I keep waiting for the cutthroat to make a transition where they stop responding as well to baitfish patterns, but up until this point this has not happened yet.  Most winters I tend to fish smaller, attractor style patterns much more than baitfish because the fish just don’t seem to respond as well to the larger baitfish patterns.  Squimps, Delia’s Squids etc tend to dominate my winter fishing.  This year has not been the case.  We’ve been finding great cutthroat action fishing larger, flatwing style baitfish patterns.  For the most part our best cutthroat fishing this winter has come from flat, oyster covered beaches near creek mouths.  Steeper, structured beaches have been putting out some fish, but by far our most productive fishing has been on these shallower flats near the creeks.  Flatwing baitfish patterns fished on sinking lines have been producing some savage grabs and some really nice, large cutthroat.  These flies are a ton of fun to fish because when a cutthroat decides to eat one, it’s not a subtle experience!  Hang on to your rod!  Depending on the depth and the current I am fishing these patterns using anything from intermediate lines all the way up to type 7 sinking lines…. But I would say the type 3 Airflo 40+ has been my most used line this season.  I like to fish a little faster sinking line with these neutrally buoyant flatwing patterns, as the line pulling the fly down during the retrieve produces a diving/darting action that these fish seem to find irresistible.

If you find oyster beds, be sure to make some casts!  Along those same lines, I just discovered that my salmon charter license also allows for shellfish harvest, so a new addition to the South Sound Skiffs fly fishing trips is the option to pull the boat up on a public shellfish beach and pick a limit of oysters.  Pretty nice little bonus for those that enjoy eating this Pacific Northwest delicacy!

The resident coho fishing is definitely in full swing, and we’ve been finding coho from deep in marine area 13, all the way up into parts of marine area 10.   Marine area 11 is right in the thick of things right now, and there are a LOT of fish around to target with the fly.  Thus far this winter the coho have been quite selective, often ignoring my usual winter offerings even when we find extremely large concentrations of fish.  These fish have been gorging on euphasids/krill/amphipods etc and have been so focused on this small stuff that they will ignore many other offerings.  We are still finding some stellar fishing, but it’s not quite shooting fish in a barrel.  I have to admit that solving the puzzle of what this fish will eat from a day-t0-day basis is something I highly enjoy.  Smaller Delia’s Squids, Squimps, my Glow in the Dark Coho Comet and other traditional coho patterns have been producing plenty, but when the fish are sipping small stuff on the surface a floating line, long leader, and small euphasid patterns are worth a shot.  No matter what fly you’re fishing be sure to experiment with your retrieve throughout the day.  This has often made a big difference with the fish showing a preference for slower, or faster retrieves at different points in the day.  Same goes for line selection… If you are casting to coho that simply aren’t responding to your offerings, try changing up your line.  By going deeper or shallower, and changing the angle/depth/retrieve of your fly you can often get dialed in enough to turn a rather slow day into one full of action.  From the beach I like to target tide changes, especially the hour prior through the hour after a tide change where the rips will often set up within range.  Find some nice rips and you’ll probably find some coho.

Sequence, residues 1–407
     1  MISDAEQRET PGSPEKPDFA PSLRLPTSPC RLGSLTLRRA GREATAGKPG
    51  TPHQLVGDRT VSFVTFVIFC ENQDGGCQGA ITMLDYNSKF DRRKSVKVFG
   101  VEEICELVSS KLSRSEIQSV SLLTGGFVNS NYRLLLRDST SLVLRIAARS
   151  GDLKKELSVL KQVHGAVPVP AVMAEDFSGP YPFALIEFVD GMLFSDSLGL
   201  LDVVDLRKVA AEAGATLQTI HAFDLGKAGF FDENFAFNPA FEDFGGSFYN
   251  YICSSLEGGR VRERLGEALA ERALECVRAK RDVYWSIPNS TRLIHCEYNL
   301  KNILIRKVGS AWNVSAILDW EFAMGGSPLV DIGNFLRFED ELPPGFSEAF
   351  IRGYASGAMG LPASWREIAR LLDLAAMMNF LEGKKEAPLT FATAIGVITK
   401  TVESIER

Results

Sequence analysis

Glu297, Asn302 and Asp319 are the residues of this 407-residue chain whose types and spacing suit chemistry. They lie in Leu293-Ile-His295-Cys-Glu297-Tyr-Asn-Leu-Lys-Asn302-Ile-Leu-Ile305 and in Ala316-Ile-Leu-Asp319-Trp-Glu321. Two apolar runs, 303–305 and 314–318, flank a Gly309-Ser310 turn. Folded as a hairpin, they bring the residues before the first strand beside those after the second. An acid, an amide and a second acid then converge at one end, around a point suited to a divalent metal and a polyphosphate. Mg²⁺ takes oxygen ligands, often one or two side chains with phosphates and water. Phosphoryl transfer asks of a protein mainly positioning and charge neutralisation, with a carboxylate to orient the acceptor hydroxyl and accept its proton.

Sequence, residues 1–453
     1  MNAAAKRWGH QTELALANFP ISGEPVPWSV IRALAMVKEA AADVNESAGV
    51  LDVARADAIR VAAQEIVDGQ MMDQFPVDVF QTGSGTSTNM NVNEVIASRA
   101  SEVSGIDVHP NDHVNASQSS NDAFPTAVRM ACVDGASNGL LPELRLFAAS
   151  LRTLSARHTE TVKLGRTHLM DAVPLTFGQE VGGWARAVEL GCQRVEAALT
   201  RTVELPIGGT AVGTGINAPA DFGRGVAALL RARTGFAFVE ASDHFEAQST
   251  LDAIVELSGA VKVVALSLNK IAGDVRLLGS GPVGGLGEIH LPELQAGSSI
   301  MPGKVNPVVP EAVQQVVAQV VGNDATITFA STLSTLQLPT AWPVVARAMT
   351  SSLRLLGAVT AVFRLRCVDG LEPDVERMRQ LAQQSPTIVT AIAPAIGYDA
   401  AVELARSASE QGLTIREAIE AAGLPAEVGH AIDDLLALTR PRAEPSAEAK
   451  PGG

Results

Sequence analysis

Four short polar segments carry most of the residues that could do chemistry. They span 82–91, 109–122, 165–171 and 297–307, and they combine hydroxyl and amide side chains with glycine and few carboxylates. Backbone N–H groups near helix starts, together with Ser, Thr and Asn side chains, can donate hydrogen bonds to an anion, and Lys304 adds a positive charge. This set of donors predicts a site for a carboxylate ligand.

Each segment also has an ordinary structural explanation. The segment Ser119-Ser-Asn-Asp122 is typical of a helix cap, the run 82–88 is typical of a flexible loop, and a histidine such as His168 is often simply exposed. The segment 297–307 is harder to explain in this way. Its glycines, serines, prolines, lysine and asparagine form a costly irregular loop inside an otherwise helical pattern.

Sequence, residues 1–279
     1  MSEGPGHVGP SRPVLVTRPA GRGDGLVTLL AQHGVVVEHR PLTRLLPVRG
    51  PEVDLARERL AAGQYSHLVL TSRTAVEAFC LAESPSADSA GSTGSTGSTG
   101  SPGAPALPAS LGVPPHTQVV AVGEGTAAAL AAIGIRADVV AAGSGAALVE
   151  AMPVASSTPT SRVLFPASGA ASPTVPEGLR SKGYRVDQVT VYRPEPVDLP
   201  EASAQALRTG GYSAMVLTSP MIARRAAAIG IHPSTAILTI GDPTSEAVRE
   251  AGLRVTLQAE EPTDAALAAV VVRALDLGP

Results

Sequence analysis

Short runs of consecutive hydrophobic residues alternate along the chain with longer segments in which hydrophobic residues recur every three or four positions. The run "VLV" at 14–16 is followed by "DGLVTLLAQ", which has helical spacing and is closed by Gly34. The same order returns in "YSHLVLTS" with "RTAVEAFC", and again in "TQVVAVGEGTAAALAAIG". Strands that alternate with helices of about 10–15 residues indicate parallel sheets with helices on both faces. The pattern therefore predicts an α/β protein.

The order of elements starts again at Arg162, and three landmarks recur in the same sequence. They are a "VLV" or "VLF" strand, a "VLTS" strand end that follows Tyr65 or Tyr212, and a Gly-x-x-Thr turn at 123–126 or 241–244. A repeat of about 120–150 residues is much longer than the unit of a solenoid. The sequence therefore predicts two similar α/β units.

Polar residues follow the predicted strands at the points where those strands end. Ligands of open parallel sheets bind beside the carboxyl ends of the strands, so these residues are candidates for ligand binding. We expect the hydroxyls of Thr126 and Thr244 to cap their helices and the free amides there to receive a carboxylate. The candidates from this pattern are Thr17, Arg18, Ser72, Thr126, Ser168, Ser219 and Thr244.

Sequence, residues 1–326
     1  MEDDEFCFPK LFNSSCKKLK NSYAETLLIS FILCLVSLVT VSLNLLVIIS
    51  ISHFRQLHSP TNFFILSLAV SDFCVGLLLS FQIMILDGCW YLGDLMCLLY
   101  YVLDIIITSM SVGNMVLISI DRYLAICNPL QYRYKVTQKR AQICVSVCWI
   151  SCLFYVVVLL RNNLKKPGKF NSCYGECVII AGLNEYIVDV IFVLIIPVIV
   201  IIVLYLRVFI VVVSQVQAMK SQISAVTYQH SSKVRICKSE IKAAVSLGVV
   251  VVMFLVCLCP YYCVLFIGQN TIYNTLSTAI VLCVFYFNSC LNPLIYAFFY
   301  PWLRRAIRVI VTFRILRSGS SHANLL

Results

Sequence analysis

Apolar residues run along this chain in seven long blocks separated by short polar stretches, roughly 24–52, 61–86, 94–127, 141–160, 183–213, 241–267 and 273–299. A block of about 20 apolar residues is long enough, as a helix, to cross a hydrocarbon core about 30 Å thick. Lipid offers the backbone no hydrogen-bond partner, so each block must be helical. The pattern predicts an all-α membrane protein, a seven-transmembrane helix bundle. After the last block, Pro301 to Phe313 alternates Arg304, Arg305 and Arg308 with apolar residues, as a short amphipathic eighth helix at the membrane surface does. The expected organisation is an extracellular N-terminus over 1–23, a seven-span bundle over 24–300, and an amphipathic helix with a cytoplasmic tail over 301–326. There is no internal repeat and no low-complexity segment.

January 15th, 2018




So far this winter we’ve been having our best luck with herring and sand lance patterns, especially in areas where we are finding large concentrations of bait.  We’ve been encountering balls of herring that are so big it often makes it difficult to get a fish to notice a well tied imitation.  As such we’ve had our best luck fishing patterns that maintain the proper baitfish profile but are tied a bit larger, flashier, and in non natural color schemes.  A pink/white/chartreuse UV Resin Popsicle Stick has been getting the job done where a more natural imitation is often getting “lost in the crowd” so to speak.  It’s an abundance of riches in the south Puget Sound right now when it comes to the variety of food sources available for cutthroat, so showing the fish a fly that is a bit larger, brighter, and flashier seems to get their attention much more effectively.


A selection of our favorite “attractor” style baitfish patterns.


























January 24th, 2018


In spite of nasty weather this winter we’ve still been finding plenty of nice fish. Shrimpy patterns have been producing the best for us this week, with the dubbing brush Squimp being the clear winner. Fish have been fairly spread out, with the heaviest concentrations being found in the vicinity of small creek mouths, probably as fish are preparing to head up to spawn. Finding moving water has been crucial, and we’ve found that having a boat is critical for finding this water.  If you’re fishing the beach I’d suggest focusing on larger points, creek mouths, and anywhere the water gets funneled down to increase flow. Its hard to beat this fishery, especially considering it is the dead of winter!!


This Squimp pattern has put countless fish to the boat the last few days and is still going strong!












Here’s a video from yesterday’s trip on the sound.  It didn’t stop raining all day long, but luckily the fish didn’t mind!  Rain gear required for this one!